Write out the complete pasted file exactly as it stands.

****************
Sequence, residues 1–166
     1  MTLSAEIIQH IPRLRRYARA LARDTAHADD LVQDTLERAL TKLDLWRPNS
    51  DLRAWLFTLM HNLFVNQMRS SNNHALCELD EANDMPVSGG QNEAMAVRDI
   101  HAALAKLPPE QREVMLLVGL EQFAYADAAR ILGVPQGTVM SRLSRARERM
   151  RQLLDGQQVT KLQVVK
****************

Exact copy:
Sequence, residues 1–166
     1  MTLSAEIIQH IPRLRRYARA LARDTAHADD LVQDTLERAL TKLDLWRPNS
    51  DLRAWLFTLM HNLFVNQMRS SNNHALCELD EANDMPVSGG QNEAMAVRDI
   101  HAALAKLPPE QREVMLLVGL EQFAYADAAR ILGVPQGTVM SRLSRARERM
   151  RQLLDGQQVT KLQVVK